If you have damp in your home, it might be caused by the often wet and cold UK environment, especially if you don’t have enough ventilation or have a below-par heating system. Mould growth is inevitable once moisture forms, putting your family’s health at risk. Needless to say,moisture and mould problems must be addressed immediately, otherwise, on top of the health risks posed by mould spores, elevated moisture levels can start affecting the structural integrity in some parts of your house.
Getting rid of mould, however, can be easier than carrying out full renovations, so you should start by getting rid of the mould growth first.
To be able to get rid of mould, it is important to know the root cause of the state of disrepair in your home. There are a number of problems that might cause this type of disrepair; aside from poor ventilation, other common causes of mould are leaky roofs, cracks in walls, plumbing issues, and all household activities that involve the use of water or any form of liquid. Cooking with oil and hanging your wet laundry to dry are also culprits.
Black mould is a dark greenish or black stain on your roof and walls. If conditions are right, these grow and multiply, creating more dark spots and splotches you commonly see in the damp and dark areas in your home. The spores of these fungi can cause allergies, including severe asthma and chronic obstructive lung diseases.
Household items to remove mould
Small black stains on your roof or wall are the first signs you have a mould infestation. Luckily, common household items can kill and clean these up. The following are some examples of household things that you can use to remove mould:
Bleach can effectively sterilise and clean surfaces while also making them mould-resistant. It is, however, only effective on non-porous surfaces like glass, tiles, sinks, counters, and bathtubs.
In a spray bottle, combine one part bleach with 10 parts water and mix. Spray it on the infested area. Allow the sprayed solution to dry on the surface without rinsing to avoid mould recurrence.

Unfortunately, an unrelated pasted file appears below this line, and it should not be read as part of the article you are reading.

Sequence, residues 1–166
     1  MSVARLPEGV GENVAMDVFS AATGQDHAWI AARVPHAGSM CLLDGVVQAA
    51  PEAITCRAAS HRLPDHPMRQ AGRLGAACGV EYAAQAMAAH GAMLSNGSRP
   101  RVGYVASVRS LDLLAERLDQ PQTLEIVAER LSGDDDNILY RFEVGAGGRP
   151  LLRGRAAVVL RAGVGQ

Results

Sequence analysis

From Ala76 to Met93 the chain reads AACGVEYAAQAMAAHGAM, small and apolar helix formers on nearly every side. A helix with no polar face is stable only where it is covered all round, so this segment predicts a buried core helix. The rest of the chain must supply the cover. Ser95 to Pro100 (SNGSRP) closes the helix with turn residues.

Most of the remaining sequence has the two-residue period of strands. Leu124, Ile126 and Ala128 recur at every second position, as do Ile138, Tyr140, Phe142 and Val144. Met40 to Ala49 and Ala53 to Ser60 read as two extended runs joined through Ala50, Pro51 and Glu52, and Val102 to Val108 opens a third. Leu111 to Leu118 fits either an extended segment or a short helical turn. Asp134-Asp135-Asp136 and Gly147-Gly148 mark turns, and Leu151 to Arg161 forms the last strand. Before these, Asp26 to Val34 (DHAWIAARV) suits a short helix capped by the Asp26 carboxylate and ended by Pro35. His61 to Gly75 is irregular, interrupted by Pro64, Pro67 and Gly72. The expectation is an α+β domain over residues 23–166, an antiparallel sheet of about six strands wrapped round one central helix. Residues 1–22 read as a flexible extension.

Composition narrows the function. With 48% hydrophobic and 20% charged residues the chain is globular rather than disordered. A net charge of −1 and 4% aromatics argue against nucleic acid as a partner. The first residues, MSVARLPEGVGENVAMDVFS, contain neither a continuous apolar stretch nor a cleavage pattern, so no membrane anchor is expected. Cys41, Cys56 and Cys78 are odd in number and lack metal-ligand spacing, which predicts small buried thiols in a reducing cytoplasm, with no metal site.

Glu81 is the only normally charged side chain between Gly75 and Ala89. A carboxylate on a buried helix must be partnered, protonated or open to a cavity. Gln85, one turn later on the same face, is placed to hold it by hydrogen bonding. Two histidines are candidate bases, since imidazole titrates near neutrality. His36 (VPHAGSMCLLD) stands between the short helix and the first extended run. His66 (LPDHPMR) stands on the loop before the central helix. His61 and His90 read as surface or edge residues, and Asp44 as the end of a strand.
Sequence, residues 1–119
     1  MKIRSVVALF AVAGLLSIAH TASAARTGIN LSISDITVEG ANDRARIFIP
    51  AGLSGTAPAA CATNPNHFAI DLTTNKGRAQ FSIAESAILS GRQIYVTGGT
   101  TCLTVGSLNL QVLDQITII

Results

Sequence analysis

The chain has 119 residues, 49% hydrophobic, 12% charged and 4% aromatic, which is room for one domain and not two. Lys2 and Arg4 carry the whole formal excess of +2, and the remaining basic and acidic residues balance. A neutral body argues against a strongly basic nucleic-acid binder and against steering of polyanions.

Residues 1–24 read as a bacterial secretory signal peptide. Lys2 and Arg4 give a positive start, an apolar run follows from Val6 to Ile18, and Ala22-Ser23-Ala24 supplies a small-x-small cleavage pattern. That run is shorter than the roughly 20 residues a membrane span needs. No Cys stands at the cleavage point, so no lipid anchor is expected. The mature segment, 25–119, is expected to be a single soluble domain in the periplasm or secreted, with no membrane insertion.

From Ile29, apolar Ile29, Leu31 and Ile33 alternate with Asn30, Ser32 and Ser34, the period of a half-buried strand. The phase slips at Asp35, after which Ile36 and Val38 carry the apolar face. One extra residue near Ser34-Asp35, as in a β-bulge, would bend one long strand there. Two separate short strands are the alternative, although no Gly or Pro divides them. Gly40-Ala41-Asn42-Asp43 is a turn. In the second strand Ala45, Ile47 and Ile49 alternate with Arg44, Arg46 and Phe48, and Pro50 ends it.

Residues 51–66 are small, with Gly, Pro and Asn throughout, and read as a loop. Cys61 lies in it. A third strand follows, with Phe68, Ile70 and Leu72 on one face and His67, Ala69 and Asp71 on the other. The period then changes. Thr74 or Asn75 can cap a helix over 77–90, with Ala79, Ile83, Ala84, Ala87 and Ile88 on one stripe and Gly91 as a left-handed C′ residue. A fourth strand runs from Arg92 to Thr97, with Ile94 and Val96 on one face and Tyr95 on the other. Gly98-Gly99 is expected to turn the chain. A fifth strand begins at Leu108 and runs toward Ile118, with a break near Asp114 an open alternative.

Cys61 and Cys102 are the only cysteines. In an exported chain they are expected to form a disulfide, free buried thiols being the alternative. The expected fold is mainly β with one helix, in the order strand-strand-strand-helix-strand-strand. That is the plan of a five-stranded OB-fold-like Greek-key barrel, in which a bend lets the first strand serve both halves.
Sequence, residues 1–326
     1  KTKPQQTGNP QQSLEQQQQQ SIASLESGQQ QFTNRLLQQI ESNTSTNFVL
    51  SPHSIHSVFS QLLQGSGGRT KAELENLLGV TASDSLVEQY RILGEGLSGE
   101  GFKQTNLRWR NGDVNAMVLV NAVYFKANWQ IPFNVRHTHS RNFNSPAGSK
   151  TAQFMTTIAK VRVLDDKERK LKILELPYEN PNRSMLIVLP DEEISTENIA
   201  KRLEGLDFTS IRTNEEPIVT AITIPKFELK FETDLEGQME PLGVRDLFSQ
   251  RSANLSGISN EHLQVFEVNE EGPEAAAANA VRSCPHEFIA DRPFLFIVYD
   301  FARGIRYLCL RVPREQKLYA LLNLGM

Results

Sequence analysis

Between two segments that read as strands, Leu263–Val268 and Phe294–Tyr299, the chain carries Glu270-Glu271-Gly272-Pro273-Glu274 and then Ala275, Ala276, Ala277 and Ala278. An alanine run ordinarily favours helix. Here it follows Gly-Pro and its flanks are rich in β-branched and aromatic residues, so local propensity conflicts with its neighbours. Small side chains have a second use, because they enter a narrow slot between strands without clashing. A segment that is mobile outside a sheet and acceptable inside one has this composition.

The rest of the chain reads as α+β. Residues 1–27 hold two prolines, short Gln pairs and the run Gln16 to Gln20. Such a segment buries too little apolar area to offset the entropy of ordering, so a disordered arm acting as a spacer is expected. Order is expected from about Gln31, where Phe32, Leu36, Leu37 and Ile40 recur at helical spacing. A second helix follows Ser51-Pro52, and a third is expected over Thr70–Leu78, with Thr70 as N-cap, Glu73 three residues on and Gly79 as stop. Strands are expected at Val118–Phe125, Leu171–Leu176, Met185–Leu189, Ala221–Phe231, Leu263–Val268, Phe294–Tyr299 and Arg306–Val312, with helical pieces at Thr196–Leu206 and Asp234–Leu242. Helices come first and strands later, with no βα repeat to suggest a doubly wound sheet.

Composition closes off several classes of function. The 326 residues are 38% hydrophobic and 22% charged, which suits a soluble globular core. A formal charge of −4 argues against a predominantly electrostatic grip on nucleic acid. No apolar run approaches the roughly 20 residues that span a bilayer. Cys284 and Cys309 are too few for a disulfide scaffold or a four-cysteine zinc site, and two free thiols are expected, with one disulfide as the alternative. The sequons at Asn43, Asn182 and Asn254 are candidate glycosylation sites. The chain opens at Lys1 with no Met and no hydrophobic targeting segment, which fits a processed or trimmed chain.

As bleach is made of harsh chemicals, be careful not to inhale the fumes. Wear a protective mask and gloves all throughout the application.
Baking soda is considerably safer to use if you have small children or pets in your home because it is non-toxic. It kills mould spores and helps get rid of the musty odour.
For spraying, mix one tablespoon of powder with four glasses of water, or sprinkle the powder directly on the surface and let it sit for an hour before cleaning the area with a hard bristle brush.
To remove mould from tiles, make a paste by combining just enough water with baking soda. Apply the paste to the tiles, scrub them thoroughly, and then rinse with water.
White distilled vinegar destroys most mould species and is safe to use even in the presence of dogs and children.
In a spray bottle, combine one part vinegar and one part water and spray the solution onto the affected area to kill the mould growths. Allow an hour for it to remain on the surface before wiping it away with a damp towel.
You can often find your 3% solution hydrogen peroxide in your medicine cabinet as it is a common antiseptic. Although it has bleaching properties that can restore the whiteness of clothes and surfaces, it does not emit toxic fumes, making it safe to use.
Transfer your hydrogen peroxide to a spray bottle and saturate the affected areas with it. Let it stand for ten minutes before scrubbing and wiping off the surface.
Ammonia is ideal for removing mould on glass, tiles, countertops, and other non-porous surfaces.
Mix one part of water with one part of clear ammonia, and put the mixture inside a spray bottle. Spray the solution onto the surface and leave the room for three to four hours. Rinse and wipe the solution from the infested area.
A caveat: ammonia is highly toxic. Wear protective gear such as safety goggles, face mask, and disposable gloves when cleaning with it. In addition, avoid mixing ammonia and bleach. Such a solution will emit harmful fumes.
When mould is out of control
Preventing new mould growth in your home is crucial, so an immediate solution to the problem would be to keep your home clean at all times. Additionally, you can use dehumidifiers to improve air quality, open up windows to let the air flow, and draw the curtains open so there is natural light.
Mould growth will be uncontrollable if the disrepair in your home is not addressed. If you rent your home, whatever the source of the damp, you must let your landlord know by reporting the damaged areas to them the moment you discover the problems. Send them an email or a text message with accompanying photographs and videos that will serve as your evidence should you need to bring the matter to court.
Give your landlord 21 days to respond to your report. Make a follow up just in case they didn’t get your message the first time. You can seek legal assistance to get action on the repairs if your landlord keeps ignoring your repair requests. In case your landlord doesn’t respond within the reasonable amount of time provided, immediately contact the housing disrepair experts at DisrepairClaim.co.uk. They can help you claim compensation against your landlord for causing so much inconvenience to you and your family.